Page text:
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A Novel Idea
Once a Week
Writing about the right brain is difficult. It’s kind of like explaining a joke - it takes all the fun out of it. The left brain loves explanations, but the right brain loves experience. This was brought home to me recently while reading Flannery O’Connor’s The Violent Bear it Away on my to and from flights for a dear friend’s seminary graduation.
I have no idea (yet) what the novel means in any analytical, explanatory sense, but O’Connor, who wrote of the “Christ-haunted South”, haunted me with this story. Part of that haunting was the experience of feeling the story’s meaning without understanding it. The finished book was like an undigested steak. It tasted really good, but remained a mysterious mass in my stomach.
Meaning has only come gradually as I ruminated on it for the last week. Unexpectedly, what has settled in my stomach are not answers. What I experienced as I stepped into the story and felt the conflicts of Francis Marion Tarwater and his uncle Rayber were questions: Am I free or am I bound? If I’m bound, what am I bound to, and can I get free? Can anyone really change? No philosophical shortcut can match the gift of feeling one’s way to answers to those questions. The surprising gift O’Connor gave was feeling those questions in my gut, agonizing over the seeming determination of Tarwater’s and Rayber’s demise, and witnessing the gut-wrenching surprise of redemption through violence.
Of course, I am trying to capture my right brain experience with left brain discourse, and limitations abound. As O’Connor explains in the quote below, my feeble explanation is no substitute for the experience itself.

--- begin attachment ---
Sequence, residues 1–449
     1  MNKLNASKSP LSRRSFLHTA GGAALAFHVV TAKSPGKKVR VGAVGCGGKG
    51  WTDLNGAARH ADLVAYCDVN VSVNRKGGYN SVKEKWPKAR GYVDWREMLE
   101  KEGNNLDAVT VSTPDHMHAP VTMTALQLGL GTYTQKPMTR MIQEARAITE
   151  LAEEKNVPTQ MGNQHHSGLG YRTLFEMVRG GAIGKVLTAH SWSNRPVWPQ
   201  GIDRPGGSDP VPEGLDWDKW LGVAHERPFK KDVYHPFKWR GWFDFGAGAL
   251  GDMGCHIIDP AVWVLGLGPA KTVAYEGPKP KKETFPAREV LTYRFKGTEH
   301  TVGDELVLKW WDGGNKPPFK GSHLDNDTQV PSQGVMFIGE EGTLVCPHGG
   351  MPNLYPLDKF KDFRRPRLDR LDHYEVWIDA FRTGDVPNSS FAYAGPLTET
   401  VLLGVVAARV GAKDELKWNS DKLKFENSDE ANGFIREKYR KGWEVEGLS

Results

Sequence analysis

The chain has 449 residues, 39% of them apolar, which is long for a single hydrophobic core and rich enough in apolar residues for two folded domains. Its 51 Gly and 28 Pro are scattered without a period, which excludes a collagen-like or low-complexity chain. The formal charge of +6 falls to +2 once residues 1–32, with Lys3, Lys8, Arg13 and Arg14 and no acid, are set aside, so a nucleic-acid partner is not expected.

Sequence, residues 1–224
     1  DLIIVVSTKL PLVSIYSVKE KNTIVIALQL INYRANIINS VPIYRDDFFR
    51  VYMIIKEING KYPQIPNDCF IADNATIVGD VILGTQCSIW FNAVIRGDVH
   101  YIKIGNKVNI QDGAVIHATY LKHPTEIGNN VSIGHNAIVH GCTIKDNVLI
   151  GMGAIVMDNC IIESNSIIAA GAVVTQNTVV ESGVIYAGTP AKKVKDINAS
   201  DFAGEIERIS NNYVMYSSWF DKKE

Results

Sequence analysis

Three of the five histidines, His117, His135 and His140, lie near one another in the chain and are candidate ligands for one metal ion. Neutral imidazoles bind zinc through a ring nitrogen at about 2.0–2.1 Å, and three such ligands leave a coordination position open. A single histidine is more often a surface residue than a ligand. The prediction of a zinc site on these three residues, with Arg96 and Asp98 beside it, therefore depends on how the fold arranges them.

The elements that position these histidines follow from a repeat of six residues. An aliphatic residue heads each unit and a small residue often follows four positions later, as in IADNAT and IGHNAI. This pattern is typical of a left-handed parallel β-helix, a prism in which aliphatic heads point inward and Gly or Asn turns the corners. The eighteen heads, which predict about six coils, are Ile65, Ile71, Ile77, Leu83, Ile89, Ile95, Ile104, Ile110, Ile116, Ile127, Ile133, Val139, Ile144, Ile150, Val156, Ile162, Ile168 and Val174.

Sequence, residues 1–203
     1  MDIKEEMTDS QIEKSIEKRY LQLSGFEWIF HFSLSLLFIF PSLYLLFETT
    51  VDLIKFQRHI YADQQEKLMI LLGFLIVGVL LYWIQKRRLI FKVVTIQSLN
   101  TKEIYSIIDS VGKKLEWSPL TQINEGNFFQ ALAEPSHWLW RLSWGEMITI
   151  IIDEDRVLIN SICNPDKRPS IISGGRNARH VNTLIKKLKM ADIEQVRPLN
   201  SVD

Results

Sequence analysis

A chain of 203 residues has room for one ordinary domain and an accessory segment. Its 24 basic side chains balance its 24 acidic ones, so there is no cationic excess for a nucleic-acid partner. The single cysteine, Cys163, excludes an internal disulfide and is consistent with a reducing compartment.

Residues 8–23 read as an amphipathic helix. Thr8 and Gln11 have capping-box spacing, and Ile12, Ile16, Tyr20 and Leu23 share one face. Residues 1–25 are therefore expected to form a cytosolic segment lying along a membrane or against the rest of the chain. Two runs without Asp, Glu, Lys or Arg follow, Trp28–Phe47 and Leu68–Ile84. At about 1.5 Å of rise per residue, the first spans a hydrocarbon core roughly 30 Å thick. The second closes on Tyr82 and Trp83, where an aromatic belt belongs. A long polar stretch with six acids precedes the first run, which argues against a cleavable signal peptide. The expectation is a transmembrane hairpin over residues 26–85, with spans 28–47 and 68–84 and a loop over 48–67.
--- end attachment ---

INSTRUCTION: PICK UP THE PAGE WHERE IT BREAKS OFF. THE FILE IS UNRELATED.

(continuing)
Quotation from Flannery O’Connor
Some people have the notion that you read the story and then climb out of it into the meaning, but for the fiction writer himself the whole story is the meaning, because it is an experience, not an abstraction.
The way to despair is to refuse to have any kind of experience, and the novel, of course, is a way to have experience. The lady who only read books that improved her mind was taking a safe course and a hopeless one. She'll never know whether her mind is improved or not, but should she ever, by some mistake, read a great novel, she'll know mighty well that something is happening to her.
Recommended Reading from Flannery O’Connor
Mystery and Manners - essays and talks that contain some excellent and enlightening instruction on writing and the nature of story.
The Complete Stories - Collection of thirty-one short stories, including twelve that do not appear in the only two story collections O'Connor put together in her short lifetime--Everything That Rises Must Converge and A Good Man Is Hard to Find.
What was the last story or novel you digested thoroughly so that it nourished your mind and heart? Will you share that experience with somone today?
Praying for and laboring with you,